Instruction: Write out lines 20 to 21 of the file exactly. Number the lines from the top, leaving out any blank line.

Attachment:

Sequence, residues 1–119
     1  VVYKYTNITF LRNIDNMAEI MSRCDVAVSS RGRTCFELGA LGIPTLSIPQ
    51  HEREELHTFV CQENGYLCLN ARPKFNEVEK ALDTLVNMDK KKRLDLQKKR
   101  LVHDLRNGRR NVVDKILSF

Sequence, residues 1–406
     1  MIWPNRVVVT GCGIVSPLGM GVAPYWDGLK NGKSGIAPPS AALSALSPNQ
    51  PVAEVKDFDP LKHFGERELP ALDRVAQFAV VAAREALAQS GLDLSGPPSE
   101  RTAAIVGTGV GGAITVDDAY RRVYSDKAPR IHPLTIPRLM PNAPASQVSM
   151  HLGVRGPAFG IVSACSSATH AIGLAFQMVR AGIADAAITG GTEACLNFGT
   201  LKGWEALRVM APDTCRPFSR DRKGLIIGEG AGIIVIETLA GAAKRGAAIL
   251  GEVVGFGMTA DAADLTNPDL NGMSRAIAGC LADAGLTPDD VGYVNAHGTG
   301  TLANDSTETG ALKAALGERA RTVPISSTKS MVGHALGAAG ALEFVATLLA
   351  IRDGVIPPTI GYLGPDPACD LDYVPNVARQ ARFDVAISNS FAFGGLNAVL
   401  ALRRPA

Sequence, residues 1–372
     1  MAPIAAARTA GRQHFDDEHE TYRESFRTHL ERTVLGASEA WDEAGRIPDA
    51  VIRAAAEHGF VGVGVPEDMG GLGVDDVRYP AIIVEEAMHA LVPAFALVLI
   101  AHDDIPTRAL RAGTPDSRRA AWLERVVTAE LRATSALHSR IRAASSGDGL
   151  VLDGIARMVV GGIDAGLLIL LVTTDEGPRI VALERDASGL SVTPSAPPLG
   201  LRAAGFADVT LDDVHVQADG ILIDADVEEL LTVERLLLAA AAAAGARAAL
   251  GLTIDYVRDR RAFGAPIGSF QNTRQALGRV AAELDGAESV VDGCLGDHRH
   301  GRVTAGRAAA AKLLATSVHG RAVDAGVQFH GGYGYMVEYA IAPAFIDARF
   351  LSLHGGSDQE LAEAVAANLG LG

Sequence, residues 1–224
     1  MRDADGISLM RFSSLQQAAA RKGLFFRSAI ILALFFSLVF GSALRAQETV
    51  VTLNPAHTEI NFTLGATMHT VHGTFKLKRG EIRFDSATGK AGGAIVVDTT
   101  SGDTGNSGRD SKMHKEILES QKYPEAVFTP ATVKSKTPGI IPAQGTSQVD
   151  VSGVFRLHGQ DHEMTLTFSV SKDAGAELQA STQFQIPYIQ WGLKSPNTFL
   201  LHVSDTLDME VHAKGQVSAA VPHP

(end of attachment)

   201  LRAAGFADVT LDDVHVQADG ILIDADVEEL LTVERLLLAA AAAAGARAAL
   251  GLTIDYVRDR RAFGAPIGSF QNTRQALGRV AAELDGAESV VDGCLGDHRH